Behind the scenes, it is understood that the Emiratis wanted an aircraft that was significantly more advanced than the then-current Rafale versions in service with the Armée de l’Air – or than any planned upgraded standard. The UAE reportedly expected the French side to pay the cost of developing the upgrades that would be required (variously estimated at between $2.29 and $5.72 billion).

But, while that deal collapsed, France knew the value of persistence, and has mounted a decade-long charm offensive, which has included Armée de l’Air Rafales being stationed in the UAE, as well as regular exercises.

Finally, this persistence paid off and, in December, during a visit to the UAE by President Emmanuel Macron, the historic contract for 80 Rafales was signed.

Tareq Abdul Raheem Al Hosani, CEO of Tawazun Economic Council, in charge of security and defence acquisitions for the UAE, and Eric Trappier, chairman and CEO of Dassault Aviation, did the honours in the presence of Sheikh Mohammed bin Zayed Al Nayan, Crown Prince of Abu Dhabi and deputy-commander of the UAE Armed Forces, and Macron himself.

Under the newly signed contract, which the French Armed Forces Ministry said was worth €16 billion ($18 billion), deliveries will begin in 2027. The UAE will be the first export operator of the new F4 standard, which will enter French service in 2025.

On the same day that the Rafale deal was announced, the US State Department issued a statement confirming that the Biden administration “remains committed to the proposed sales of F-35 aircraft and munitions even as we continue consultations to ensure that we have a clear, mutual understanding of Emirati obligations and actions before, during, and after delivery”.

The Emirati F-35 deal has never been simple, and has never been something that would go through ‘on the nod’. The sale was impossible until the UAE signed the Abraham Accords in August 2020, becoming the third Arab country to establish full diplomatic relations with Israel, and even then, was viewed as a possible threat to Israel’s “qualitative military edge” in the Middle East, which the US is legally required to maintain!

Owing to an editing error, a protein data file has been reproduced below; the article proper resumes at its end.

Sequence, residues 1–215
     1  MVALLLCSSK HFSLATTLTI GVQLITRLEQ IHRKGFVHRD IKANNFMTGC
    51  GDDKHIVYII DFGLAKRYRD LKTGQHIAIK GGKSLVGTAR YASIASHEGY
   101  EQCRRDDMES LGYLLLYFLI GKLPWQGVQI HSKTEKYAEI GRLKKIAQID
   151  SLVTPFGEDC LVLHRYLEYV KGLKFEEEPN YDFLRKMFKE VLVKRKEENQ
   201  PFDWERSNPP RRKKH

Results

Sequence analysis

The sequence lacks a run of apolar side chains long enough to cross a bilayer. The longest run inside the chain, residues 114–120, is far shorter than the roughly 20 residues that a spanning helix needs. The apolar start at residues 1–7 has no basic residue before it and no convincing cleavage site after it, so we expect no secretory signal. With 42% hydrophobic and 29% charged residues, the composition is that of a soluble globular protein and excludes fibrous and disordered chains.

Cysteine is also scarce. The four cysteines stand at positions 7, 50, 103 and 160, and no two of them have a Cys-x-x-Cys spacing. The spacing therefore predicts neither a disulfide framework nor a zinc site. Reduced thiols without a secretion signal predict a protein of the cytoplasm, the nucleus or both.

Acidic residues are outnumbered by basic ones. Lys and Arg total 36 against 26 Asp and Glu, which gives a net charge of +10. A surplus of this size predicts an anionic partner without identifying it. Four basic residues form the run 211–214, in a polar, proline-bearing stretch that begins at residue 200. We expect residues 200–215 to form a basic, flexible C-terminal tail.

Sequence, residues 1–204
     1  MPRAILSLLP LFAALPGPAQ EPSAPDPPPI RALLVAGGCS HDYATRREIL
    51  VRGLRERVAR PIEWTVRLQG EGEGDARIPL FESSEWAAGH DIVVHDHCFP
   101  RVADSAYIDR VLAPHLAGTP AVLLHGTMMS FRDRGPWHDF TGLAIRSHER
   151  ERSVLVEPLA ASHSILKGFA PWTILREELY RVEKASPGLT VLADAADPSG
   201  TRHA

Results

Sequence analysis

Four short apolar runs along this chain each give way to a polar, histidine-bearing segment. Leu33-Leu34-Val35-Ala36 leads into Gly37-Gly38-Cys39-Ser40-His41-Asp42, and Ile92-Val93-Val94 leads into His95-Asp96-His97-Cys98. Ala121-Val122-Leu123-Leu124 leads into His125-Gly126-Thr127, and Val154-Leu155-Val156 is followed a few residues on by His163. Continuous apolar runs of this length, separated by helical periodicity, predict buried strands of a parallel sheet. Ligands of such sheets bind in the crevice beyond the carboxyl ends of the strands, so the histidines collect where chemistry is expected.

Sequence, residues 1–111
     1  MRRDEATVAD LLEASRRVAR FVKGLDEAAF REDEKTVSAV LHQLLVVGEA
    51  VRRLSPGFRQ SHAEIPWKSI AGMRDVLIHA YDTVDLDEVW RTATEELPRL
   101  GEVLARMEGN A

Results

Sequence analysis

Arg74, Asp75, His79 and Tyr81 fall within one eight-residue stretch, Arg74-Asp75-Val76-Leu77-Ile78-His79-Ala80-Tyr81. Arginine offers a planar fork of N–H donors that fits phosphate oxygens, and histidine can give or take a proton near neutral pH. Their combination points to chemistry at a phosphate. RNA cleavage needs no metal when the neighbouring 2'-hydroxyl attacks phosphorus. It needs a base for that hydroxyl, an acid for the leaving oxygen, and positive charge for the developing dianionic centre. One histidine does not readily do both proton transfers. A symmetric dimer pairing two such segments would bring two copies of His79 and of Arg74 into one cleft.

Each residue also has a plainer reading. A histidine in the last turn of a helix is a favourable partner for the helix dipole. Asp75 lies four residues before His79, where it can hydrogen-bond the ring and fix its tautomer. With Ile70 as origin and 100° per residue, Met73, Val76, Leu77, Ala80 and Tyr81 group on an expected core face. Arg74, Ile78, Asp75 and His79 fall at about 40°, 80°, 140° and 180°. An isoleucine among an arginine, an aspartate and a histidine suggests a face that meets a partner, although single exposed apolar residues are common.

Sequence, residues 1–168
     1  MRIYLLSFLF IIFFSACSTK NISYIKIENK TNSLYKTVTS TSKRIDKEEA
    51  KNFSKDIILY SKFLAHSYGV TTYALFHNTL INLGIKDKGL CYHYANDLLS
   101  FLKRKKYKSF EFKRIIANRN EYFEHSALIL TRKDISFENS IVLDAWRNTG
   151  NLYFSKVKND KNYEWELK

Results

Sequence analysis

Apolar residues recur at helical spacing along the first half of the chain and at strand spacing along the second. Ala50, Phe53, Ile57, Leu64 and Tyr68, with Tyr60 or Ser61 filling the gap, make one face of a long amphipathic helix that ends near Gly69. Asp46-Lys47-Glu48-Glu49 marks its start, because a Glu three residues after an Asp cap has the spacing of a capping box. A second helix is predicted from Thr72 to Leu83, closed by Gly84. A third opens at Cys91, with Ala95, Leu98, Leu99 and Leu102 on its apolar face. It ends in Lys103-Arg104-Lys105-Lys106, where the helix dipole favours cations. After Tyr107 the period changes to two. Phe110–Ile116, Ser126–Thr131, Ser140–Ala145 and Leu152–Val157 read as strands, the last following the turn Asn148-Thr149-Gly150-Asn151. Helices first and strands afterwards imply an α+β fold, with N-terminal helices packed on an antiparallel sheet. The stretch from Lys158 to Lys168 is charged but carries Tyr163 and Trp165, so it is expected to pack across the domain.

The US Defense Security Cooperation Agency’s original notification to Congress acknowledged that “the proposed sale of this equipment and support represents a significant increase in capability and will alter the regional military balance”, and the possibility of triggering a regional arms race made the proposal extremely sensitive!

 

The UAE has bought Russian Pantsir-S1 air defence systems and Chinese Wing Loong II armed drones, while China’s Huawei Technologies is embedded in its telecoms network and there is a real fear that the Emirates’ relations with China and Russia could compromise US technology.

It is worth recalling that Turkey, a major US ally and a full NATO member, was suspended from the F-35 programme in 2019 after it took delivery of advanced Russian S-400 air defence missile systems.

Democratic senators behind the new ‘Secure F-35 Exports Act of 2021’, expressed reservations about maintaining the security of F-35 technology in the light of the UAE’s growing ties with Moscow and Beijing.

The UAE’s ambassador to the US, Yousef al-Otaiba, pointed out that such fears are groundless: “The UAE has a long and consistent track record of protecting US military technology, both in coalitions, where we’ve served alongside the US military, and inside the UAE, where a broad range of sensitive US military assets have been deployed for many years.”

Many within the US administration are eager to overcome the obstacles and get the deal done, since they would like the UAE (an important ally and regional security partner) to be able to operate the F-35 to deter and combat mutual shared threats, including Iran.

Jon Lake

Jon Lake

Jon is defence editor for both Arabian and African Aerospace magazines.